The other night I was teaching one of the Self-Defense modules, and the subject of ‘nice’ and ‘kind’ came up. It’s interesting how much we know the difference, yet often fall into being ‘nice’ rather than kind.’ Are you nice or kind?
Why the Indoctrination
Our indoctrination into being ‘nice’ started when we were very young. Parents and caretakers not wanting to be seen as ‘bad parents’ often chastised us into being ‘nice’ when we did something/said something that was not socially acceptable, to or at another person. Instead of telling us what to do correctly, they simply told us to be ‘nice.’ This conditioning has led many of us to ‘give up something,’ as one individual stated in the Self-Defense class.
‘Nice people’ are always giving up something to someone else. Nice people want what I call “The 7 A’s:” Approval, Acceptance, Attention, Acknowledgement, Affection, Adoration, Agreement. They want people to LIKE them. They have a great fear of rejection, and have a hard time with confrontation. They don’t want to ‘rock the boat.’ She’s your aunt, be nice. He’s the gardener, be nice. She’s the pharmacist, be nice. He’s the doctor, be nice. He’s your playmate, be nice. He’s my friend, be nice. He’s your uncle, be nice. They also make the easiest victims to all levels of crime. Perpetrators can smell this. Being nice is an emotional challenge for sure, always giving up something to someone else.
This can be detrimental to you and your safety
Perpetrators use being ‘nice’ as a way to manipulate and deceive. They know how to act it. They want to build your trust. So they are ‘nice’ to you. They give you compliments, offer to help you, ask seemingly innocent questions (I say ‘seemingly’ because someone asking you where Bay Street is located doesn’t seem like an out-of-line question, however, with every word you speak, a perpetrator is gathering information about you. More about this another time.)
Being ‘kind’ on the other hand is a state of being in control of your power. A kind person is able to “CUE,” show Compassion, Understanding, and Empathy, without allowing others to step all over you. The moment you are uncomfortable, you check in. What are you sensing? What are you feeling? What is this person attempting?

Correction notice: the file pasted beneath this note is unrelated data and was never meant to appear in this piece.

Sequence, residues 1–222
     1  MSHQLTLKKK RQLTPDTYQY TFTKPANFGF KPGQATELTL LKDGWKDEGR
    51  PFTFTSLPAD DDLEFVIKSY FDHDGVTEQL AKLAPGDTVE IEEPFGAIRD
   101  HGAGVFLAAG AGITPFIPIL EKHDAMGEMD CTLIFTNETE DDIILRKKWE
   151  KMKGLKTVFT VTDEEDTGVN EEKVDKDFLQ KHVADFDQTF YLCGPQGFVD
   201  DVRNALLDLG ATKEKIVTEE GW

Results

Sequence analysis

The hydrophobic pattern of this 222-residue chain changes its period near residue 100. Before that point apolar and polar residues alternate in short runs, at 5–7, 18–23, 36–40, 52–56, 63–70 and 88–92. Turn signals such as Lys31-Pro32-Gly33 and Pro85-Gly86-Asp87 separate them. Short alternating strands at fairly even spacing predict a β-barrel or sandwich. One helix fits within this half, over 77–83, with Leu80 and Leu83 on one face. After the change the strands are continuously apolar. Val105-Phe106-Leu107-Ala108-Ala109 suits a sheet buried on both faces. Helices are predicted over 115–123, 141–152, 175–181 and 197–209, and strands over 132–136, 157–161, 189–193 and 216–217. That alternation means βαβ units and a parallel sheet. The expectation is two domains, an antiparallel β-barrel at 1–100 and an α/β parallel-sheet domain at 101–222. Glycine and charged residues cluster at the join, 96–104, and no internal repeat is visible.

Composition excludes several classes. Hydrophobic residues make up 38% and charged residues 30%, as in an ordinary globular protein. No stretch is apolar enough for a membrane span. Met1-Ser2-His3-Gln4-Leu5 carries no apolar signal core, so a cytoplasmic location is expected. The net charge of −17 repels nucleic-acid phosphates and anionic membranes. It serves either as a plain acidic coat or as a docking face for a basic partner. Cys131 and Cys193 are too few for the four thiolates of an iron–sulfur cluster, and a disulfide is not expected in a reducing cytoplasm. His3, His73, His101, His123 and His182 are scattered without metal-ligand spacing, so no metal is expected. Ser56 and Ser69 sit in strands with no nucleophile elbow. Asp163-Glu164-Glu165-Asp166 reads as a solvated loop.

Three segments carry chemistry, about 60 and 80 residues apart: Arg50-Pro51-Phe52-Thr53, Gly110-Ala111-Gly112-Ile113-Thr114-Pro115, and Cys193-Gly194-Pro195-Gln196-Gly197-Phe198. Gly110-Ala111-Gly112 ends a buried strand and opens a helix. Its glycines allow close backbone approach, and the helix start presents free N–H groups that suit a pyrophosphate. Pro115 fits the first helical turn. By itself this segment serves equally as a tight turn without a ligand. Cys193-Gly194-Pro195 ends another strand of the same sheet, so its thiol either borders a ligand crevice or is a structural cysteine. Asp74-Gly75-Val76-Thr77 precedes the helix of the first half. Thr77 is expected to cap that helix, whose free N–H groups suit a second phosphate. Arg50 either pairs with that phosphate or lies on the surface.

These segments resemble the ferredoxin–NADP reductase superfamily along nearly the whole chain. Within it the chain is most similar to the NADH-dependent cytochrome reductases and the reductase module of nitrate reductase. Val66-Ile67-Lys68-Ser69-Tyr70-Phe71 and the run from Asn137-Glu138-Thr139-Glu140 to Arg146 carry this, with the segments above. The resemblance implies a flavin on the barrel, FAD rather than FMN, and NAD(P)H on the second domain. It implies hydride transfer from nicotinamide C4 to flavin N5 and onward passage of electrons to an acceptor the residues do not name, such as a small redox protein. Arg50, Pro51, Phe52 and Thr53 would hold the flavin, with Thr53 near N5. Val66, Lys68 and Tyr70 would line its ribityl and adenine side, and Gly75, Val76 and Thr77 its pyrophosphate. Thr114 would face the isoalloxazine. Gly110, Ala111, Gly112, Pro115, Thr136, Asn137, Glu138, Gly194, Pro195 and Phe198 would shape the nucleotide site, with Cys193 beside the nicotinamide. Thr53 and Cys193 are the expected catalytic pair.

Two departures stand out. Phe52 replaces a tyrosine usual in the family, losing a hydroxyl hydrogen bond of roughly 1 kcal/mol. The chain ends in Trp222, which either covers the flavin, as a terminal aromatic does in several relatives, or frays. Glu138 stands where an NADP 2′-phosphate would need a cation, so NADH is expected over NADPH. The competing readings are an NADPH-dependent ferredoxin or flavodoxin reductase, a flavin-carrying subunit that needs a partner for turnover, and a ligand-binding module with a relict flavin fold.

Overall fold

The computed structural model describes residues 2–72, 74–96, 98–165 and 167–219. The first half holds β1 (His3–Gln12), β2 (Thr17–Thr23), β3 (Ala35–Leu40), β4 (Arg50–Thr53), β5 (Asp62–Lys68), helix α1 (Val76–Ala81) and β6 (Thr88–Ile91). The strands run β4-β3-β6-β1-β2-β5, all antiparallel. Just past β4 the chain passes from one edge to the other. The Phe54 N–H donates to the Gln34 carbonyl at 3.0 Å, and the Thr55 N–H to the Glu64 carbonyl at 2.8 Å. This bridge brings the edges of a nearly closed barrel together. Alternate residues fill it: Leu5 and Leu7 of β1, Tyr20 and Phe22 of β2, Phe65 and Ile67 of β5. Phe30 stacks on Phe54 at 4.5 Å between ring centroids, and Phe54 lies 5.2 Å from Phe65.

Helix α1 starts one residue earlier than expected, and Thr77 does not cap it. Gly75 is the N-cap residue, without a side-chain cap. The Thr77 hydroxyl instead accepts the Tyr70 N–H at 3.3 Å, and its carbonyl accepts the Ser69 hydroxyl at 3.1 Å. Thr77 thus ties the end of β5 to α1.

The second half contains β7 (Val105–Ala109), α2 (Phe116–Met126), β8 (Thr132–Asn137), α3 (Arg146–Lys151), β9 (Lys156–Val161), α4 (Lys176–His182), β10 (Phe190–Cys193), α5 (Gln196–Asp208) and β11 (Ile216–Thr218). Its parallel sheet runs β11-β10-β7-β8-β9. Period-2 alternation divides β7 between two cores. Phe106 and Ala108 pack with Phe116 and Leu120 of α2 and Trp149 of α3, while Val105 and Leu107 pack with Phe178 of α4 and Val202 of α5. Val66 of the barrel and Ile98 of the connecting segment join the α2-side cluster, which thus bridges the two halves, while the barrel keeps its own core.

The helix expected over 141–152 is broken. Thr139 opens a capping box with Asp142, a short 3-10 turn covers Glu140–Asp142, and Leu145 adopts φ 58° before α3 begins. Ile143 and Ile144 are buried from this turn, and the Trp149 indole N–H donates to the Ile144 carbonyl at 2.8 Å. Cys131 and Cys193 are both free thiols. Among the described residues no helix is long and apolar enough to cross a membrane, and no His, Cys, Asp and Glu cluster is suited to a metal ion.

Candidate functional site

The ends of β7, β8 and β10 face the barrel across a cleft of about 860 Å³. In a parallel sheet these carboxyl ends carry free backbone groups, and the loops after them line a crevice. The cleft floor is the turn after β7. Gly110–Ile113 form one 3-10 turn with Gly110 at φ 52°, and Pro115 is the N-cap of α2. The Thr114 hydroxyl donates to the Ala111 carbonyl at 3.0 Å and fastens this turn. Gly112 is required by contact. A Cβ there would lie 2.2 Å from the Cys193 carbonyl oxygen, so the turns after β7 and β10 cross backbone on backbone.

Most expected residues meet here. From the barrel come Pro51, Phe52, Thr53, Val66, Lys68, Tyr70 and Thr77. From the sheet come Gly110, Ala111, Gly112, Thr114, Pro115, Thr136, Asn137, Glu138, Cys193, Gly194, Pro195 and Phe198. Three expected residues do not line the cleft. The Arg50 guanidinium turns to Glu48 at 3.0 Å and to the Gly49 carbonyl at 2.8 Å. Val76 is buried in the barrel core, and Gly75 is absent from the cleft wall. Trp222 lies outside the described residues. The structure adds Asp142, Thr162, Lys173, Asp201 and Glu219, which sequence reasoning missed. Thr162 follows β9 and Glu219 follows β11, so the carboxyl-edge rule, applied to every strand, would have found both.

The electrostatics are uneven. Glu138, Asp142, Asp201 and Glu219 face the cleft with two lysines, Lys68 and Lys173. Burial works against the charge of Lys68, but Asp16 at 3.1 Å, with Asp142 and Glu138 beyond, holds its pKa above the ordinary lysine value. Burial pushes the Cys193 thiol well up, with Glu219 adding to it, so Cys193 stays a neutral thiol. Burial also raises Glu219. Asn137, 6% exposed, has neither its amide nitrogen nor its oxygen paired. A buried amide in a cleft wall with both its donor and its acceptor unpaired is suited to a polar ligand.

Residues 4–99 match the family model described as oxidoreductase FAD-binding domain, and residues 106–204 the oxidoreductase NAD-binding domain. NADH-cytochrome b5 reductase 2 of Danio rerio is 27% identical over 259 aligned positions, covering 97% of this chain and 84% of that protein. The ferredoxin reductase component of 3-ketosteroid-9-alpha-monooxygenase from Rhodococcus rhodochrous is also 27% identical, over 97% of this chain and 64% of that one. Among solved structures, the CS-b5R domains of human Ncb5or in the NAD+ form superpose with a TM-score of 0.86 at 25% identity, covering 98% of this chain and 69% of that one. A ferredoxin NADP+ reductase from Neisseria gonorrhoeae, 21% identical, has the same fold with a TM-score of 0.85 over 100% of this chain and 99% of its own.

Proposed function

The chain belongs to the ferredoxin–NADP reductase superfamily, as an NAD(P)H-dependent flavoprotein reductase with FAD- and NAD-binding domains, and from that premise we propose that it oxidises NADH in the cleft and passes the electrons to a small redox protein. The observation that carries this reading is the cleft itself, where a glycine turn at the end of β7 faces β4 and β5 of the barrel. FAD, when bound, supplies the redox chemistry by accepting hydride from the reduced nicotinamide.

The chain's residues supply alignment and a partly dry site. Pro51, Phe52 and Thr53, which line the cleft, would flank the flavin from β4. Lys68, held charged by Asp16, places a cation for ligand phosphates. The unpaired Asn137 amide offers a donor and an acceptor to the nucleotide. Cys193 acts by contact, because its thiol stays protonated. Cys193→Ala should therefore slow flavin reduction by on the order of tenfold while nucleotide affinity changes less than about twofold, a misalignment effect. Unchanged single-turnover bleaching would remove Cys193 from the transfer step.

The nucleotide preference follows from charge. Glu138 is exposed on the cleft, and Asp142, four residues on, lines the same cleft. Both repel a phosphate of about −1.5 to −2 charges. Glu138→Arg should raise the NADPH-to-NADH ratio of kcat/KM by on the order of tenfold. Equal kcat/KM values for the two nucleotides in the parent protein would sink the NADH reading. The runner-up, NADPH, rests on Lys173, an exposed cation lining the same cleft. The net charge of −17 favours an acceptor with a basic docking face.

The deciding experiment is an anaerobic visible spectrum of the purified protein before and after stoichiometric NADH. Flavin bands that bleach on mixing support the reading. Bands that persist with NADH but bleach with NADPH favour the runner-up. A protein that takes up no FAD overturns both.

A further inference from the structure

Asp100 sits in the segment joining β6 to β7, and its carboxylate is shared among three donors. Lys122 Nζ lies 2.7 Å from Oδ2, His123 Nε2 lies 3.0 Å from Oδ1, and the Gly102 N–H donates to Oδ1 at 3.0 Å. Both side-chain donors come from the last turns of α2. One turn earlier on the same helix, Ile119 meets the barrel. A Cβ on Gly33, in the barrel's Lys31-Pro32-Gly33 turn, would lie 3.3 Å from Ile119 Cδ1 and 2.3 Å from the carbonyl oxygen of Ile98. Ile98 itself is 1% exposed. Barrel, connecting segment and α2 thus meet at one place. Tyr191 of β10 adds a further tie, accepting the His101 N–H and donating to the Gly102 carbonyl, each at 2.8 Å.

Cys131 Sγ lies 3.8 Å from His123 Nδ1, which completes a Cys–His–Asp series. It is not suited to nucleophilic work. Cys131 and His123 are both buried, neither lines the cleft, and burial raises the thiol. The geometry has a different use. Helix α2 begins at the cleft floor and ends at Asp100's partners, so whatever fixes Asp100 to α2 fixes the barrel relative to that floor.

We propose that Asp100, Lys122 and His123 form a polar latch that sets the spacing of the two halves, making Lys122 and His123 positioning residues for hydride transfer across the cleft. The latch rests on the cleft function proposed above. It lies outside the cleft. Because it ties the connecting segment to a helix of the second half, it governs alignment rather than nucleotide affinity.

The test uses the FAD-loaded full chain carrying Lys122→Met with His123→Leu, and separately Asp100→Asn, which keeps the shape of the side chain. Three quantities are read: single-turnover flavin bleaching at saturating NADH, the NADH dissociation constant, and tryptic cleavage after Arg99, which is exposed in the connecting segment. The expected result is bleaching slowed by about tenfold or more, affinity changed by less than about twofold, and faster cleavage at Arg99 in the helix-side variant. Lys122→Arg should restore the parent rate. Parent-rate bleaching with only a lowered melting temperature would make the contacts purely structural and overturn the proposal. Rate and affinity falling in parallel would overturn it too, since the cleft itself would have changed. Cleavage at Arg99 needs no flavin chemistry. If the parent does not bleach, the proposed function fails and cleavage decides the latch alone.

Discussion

You Don't Need to Like Everyone
Being kind does not mean you have to like a person. It does not mean you are going to be friends forever. Or even at all. You can show kindness to someone, and still not like them. You may not agree with anything about them, you may not like their level of integrity, you may not approve of their morals and ethics, however, you still treat them with kindness because, well, they really haven’t done anything to harm/hurt/violate you. You simply don’t have the right chemistry with them.
I’ve heard of so many instances where one child does or says something ‘bad’ to another child and instead of finding out what caused the confrontation in the first place, the adult present tells the child to just ‘be nice.’ Being ‘nice’ is how that adult resolves it. This is totally disempowering to a child.
And What About You
If you find yourself always saying ‘yes’ to everyone around you, check in. What are your reasons? Are they truly valid for you? Is it that you can’t stand confrontation? (Nobody likes it, really.) Or are they reasons that ‘give away,’ so you can feel good that they are happy because you complied. In your mind this means that they will now like you. In their mind, many will be happy because they are getting what they want. They are using you. And you let them.
Kindness and compassion are truly separate and distinct from being a ‘nice guy.’ Ellen doesn’t say (at the end of her shows) “be nice to one another.” She clearly always states “be kind to one another.” There is a huge difference.
Shifting niceness into kindness is huge change. If you’d like to do some work around this, contact me through the website.
Clara E Minor
MINORSAN Self-Defense & Fitness